It's been more than three years since Mad Men drew its last scotch-scented, Lucky Strike-laden final breath. During that time, creator Matthew Weiner has apparently been busy recruiting every actor ever made for his new Amazon Prime show, which includes Diane Lane, John Slattery, Amanda Peet, Corey Stoll, Ron Livingston, Kathryn Hahn, Isabelle Huppert, and Christina Hendricks. They're all part of this eight-episode anthology series, which follows the descendants—some possibly legit, some definitely pretend—of a mysterious Russian clan. The Romanoffs will be Amazon's first series to roll out on a weekly basis, meaning it will give fans enough time between episodes for some overnight 'shipping. —B.R.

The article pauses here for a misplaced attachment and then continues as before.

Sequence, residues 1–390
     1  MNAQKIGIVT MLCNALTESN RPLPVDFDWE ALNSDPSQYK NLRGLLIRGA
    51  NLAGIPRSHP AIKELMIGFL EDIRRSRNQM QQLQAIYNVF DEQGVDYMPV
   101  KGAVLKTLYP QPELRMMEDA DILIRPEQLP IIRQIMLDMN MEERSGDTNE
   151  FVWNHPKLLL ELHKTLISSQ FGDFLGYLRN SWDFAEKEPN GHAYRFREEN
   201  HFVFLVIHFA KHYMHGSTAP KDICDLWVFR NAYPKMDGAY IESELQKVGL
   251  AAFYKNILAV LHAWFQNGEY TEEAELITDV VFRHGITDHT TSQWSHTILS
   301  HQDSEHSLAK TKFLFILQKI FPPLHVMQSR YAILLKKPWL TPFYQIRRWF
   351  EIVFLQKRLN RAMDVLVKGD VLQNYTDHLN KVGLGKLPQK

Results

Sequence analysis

Shirley Jackson's phenomenally creepy 1959 novel—about a group of visitors to a spirit-ridden gothic mansion‚—has been adapted for the big screen several times, most recently in 1999's hambone The Haunting. This ten-episode adaptation radically reworks Jackson's book for the 21st century, following a group of siblings who return to their spooky home after the suicide of their younger sister. With a cast that includes Timothy Hutton, Carla Gugino, and Henry Thomas, Haunting is the latest horror entry from writer-director Mike Flanagan, whose creep-credits include last year's Netflix film Gerald's Game. Between this and the forthcoming film adaptation of her book We Have Always Lived in the Castle, we're just months away from a Jackson revival. —B.R.